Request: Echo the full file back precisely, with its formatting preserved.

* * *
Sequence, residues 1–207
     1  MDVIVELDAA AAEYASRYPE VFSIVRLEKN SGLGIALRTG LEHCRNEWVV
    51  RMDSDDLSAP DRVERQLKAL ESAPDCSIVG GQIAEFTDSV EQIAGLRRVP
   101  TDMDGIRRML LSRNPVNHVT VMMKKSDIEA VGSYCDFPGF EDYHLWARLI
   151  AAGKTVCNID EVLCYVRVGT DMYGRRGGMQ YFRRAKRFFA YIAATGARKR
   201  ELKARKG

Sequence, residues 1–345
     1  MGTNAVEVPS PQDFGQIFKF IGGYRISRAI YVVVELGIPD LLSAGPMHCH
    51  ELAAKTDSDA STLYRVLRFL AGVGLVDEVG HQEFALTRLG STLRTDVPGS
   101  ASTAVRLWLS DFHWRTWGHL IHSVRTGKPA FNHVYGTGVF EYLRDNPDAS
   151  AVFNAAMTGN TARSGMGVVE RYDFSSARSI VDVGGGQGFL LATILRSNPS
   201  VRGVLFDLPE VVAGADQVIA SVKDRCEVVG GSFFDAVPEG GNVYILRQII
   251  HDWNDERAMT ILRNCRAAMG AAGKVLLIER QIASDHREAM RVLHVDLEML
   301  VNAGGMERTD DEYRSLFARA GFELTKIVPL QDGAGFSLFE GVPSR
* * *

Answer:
Sequence, residues 1–207
     1  MDVIVELDAA AAEYASRYPE VFSIVRLEKN SGLGIALRTG LEHCRNEWVV
    51  RMDSDDLSAP DRVERQLKAL ESAPDCSIVG GQIAEFTDSV EQIAGLRRVP
   101  TDMDGIRRML LSRNPVNHVT VMMKKSDIEA VGSYCDFPGF EDYHLWARLI
   151  AAGKTVCNID EVLCYVRVGT DMYGRRGGMQ YFRRAKRFFA YIAATGARKR
   201  ELKARKG

Sequence, residues 1–345
     1  MGTNAVEVPS PQDFGQIFKF IGGYRISRAI YVVVELGIPD LLSAGPMHCH
    51  ELAAKTDSDA STLYRVLRFL AGVGLVDEVG HQEFALTRLG STLRTDVPGS
   101  ASTAVRLWLS DFHWRTWGHL IHSVRTGKPA FNHVYGTGVF EYLRDNPDAS
   151  AVFNAAMTGN TARSGMGVVE RYDFSSARSI VDVGGGQGFL LATILRSNPS
   201  VRGVLFDLPE VVAGADQVIA SVKDRCEVVG GSFFDAVPEG GNVYILRQII
   251  HDWNDERAMT ILRNCRAAMG AAGKVLLIER QIASDHREAM RVLHVDLEML
   301  VNAGGMERTD DEYRSLFARA GFELTKIVPL QDGAGFSLFE GVPSR